Wednesday 11 June 2014


The next class of Consolidation engines was the 3600 series.  They were called "N 2a" class: numbers 3600-3690.  Built from 1909-1911, these engines had 63" drivers and cylinders measuring 23" x 32".  Weight on the drivers was 211,000 lbs, some 33,000 lbs. more than the M-4 class.  One locomotive of this class, Number 3651, has been preserved in Lethbridge AB:

Here is another link to a site with many photos of 3600's & 3700's:  Here is one photo from that site of the aforementioned and preserved Lethbridge engine in service, date and place unknown.  Note the foot board pilot and narrow oil bunker to permit a better view for the engineman while doing yard switching.  Gathered cab curtains suggest that winter is coming or going.  Bud Laws Collection.

Here is a CPR Drawing of 3600, class N-2a Consolidations with key dimensions.
These engines were fairly uniform in appearance and were very well modeled by the Japanese firm, United Models many years ago.  I have 3 United Models Consolidations in service, all of which have received some cosmetic and mechanical modifications based on photos of the prototypes.  Here is my version of CP 3629 which has received a larger coal bunker, a smaller water tank hatch, a triangular number board, modern classification lamps, and extra flags.  Mechanical changes include a North West Short Line gearbox and motor.  A Soundtraxx Tsunammi decoder and a micro LED headlamp have been installed as well. 

The prototype locomotives varied slightly in running board configuration and in the arc of the cab skirt.  One more obvious difference was that for some engines, an air-powered reversing gear was installed on the right or engineman's side that necessitated a raised step in the running board.  One of these was the 3628 which received her power reverse sometime before her conversion to oil firing in 1949/50.  Here is our version based on photos of the prototype prior to the oil conversion.  The model tender is mostly stock and close to the 5000 gallon prototype.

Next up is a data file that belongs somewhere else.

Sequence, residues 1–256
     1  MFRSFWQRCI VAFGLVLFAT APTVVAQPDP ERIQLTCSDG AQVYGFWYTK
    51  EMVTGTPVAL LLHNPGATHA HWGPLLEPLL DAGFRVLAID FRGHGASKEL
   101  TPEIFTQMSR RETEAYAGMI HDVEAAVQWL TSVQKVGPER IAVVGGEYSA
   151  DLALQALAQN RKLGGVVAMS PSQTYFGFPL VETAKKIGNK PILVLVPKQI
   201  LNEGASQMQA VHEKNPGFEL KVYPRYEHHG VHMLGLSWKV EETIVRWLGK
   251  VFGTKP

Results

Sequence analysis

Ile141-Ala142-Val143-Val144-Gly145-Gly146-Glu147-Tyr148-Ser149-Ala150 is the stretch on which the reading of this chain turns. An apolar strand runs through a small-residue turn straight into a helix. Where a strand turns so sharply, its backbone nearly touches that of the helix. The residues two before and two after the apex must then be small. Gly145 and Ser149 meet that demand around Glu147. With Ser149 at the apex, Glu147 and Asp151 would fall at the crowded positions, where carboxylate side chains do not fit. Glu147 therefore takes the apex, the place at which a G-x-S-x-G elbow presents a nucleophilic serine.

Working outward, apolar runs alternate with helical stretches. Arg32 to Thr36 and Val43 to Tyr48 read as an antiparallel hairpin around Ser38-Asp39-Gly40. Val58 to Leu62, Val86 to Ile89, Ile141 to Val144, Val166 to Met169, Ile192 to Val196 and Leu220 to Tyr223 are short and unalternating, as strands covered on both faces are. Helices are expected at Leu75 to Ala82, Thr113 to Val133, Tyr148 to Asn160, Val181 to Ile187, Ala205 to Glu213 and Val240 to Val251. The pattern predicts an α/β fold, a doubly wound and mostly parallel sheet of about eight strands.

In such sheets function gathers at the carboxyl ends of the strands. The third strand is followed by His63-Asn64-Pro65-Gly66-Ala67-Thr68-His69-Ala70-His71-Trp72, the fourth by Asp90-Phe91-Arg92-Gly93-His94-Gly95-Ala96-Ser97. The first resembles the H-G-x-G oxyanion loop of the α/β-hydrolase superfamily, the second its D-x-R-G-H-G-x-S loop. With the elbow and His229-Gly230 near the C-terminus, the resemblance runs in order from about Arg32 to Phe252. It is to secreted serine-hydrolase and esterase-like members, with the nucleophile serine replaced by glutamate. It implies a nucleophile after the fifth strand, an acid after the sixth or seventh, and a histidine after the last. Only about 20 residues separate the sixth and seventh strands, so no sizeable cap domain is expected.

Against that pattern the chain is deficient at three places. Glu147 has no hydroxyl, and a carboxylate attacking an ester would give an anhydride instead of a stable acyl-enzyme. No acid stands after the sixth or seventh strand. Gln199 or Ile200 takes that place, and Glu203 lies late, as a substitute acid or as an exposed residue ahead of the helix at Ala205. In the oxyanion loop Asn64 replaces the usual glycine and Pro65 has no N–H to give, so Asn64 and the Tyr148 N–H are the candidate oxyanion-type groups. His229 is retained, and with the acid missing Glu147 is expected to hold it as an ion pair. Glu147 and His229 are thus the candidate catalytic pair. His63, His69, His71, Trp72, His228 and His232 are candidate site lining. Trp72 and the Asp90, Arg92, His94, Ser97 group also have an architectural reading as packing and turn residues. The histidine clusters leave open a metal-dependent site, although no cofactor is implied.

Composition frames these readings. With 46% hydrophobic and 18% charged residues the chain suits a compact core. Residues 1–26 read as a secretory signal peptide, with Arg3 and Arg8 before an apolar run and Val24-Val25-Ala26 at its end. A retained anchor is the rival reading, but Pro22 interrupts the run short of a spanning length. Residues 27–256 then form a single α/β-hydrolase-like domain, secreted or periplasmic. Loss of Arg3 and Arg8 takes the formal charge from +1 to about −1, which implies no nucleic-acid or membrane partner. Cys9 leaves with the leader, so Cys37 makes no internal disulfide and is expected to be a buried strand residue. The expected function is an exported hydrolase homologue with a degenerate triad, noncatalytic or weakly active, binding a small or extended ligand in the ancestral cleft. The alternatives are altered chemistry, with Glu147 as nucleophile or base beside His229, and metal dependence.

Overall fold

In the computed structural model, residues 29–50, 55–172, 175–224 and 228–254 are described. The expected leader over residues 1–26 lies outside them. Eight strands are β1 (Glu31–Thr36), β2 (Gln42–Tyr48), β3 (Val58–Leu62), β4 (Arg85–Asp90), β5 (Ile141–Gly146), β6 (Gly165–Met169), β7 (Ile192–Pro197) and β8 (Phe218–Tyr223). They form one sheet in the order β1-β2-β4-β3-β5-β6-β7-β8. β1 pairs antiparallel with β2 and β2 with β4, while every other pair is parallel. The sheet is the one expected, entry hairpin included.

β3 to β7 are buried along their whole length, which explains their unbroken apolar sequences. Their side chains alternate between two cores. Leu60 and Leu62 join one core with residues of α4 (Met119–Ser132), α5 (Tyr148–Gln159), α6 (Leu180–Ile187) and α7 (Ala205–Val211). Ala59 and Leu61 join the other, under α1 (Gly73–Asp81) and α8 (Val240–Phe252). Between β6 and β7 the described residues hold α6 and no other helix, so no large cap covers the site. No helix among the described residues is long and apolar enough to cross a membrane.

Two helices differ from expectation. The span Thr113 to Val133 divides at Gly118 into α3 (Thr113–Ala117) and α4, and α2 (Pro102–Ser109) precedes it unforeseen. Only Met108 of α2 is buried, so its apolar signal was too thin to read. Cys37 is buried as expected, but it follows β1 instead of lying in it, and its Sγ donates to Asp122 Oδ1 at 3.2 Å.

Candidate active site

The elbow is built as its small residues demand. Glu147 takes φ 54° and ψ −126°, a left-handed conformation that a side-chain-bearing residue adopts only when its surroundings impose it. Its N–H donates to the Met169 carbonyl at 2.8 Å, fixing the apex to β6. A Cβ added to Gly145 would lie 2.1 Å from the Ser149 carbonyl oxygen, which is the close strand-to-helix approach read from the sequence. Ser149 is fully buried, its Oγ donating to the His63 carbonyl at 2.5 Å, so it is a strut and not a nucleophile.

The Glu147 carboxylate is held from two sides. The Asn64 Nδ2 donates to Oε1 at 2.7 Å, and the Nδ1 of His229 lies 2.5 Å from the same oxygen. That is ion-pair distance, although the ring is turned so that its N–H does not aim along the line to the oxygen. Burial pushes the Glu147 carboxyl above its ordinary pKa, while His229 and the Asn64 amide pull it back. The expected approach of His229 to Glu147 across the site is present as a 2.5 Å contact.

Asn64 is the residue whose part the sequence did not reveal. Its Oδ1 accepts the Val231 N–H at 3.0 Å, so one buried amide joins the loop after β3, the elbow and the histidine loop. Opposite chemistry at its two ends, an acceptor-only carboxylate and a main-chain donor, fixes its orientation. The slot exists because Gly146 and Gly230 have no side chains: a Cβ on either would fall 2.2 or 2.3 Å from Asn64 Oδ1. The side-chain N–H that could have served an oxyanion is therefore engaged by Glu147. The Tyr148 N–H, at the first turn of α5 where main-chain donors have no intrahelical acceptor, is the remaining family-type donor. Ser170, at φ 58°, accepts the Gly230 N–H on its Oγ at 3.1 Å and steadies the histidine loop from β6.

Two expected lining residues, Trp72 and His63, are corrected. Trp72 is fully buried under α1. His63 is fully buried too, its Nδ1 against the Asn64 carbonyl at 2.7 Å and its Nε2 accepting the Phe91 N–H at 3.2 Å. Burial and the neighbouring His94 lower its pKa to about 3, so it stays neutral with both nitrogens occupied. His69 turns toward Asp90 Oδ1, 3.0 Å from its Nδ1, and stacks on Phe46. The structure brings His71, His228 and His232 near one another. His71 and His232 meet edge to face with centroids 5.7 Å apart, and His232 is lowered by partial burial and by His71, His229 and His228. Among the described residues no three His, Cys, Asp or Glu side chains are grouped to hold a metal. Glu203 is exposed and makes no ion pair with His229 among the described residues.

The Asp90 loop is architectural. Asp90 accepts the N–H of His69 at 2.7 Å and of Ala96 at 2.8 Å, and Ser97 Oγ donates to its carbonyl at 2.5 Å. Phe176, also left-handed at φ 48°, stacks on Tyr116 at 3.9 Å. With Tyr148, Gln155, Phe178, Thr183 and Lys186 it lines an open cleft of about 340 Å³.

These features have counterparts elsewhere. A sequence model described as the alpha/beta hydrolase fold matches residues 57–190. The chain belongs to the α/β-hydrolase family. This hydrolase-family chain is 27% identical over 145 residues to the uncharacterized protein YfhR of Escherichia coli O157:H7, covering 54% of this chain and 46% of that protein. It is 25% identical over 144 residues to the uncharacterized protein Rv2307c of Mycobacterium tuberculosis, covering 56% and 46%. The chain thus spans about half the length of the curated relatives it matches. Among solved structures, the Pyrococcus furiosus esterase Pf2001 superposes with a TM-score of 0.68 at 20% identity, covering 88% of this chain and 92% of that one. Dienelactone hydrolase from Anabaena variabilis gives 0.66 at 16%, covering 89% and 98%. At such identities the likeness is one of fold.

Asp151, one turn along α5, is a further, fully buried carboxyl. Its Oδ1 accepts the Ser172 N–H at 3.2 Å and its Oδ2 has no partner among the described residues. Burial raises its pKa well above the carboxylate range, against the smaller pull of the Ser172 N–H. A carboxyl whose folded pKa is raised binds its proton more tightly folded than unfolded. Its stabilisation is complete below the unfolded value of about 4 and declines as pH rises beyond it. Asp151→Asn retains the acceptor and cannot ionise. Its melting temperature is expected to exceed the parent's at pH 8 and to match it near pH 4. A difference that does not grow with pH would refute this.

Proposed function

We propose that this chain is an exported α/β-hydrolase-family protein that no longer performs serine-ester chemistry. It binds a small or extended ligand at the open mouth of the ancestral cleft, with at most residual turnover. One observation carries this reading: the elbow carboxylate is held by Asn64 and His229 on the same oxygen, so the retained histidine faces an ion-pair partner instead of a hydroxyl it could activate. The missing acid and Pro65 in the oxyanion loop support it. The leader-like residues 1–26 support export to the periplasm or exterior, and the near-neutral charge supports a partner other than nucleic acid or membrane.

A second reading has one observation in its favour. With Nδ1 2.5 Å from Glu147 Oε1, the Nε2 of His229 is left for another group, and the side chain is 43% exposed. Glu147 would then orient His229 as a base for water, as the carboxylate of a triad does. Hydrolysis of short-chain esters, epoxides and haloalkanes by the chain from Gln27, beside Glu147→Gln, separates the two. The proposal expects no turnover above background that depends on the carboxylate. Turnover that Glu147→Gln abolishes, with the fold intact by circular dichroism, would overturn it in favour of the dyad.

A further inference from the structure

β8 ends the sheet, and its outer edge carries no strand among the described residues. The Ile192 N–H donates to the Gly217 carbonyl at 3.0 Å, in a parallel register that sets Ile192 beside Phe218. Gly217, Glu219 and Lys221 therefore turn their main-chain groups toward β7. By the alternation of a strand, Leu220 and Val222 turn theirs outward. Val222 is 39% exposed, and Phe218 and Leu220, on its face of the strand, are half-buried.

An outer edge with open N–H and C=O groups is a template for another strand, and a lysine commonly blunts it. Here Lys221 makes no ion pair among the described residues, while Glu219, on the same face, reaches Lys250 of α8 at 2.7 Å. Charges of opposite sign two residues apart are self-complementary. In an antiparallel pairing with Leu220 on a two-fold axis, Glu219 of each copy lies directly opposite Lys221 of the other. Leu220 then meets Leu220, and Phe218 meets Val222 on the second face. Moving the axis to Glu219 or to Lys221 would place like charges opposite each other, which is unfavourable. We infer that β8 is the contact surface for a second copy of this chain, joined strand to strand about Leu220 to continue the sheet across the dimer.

Another model of this N-2a class is 3678, a long time KV engine.  She was converted to oil early in her career, so we have given her an oil bunker from a D-10 tender, a rather simple modeling exercise.  (The tender from our basket case D-10 shown in the last post was used to create a service tender for our steam powered Ditcher.  The D-10 tender requires a lot of work to make it serviceable, chiefly rebuilding the bolsters on the tender floor.  I do not know how or why it was built so poorly because it simply does not stay on the rails, does not carry a coupler at the standard height and often shorts out on all but tangent track.)  But we digress...

Most 3600's were fitted with Open Cabs but a few received Vestibule cabs and 8000 gallon tenders late in life.  Three KV engines in the latter category were 3601, 3609 and 3657. Of course, many were rebuilt into P-1n Mikados in the late forties and served in the final years of the Kettle Valley steam era.

As we mentioned above, to model standard 3600 locomotives, the brass model by United Models is a very good one and can be had through various on-line sites.  We do recommend a new motor and gearbox, the North West Short Line products being a very good choice.  The original gearbox is acceptable but the motor is definitely a candidate for replacement.  Here is the NWSL site: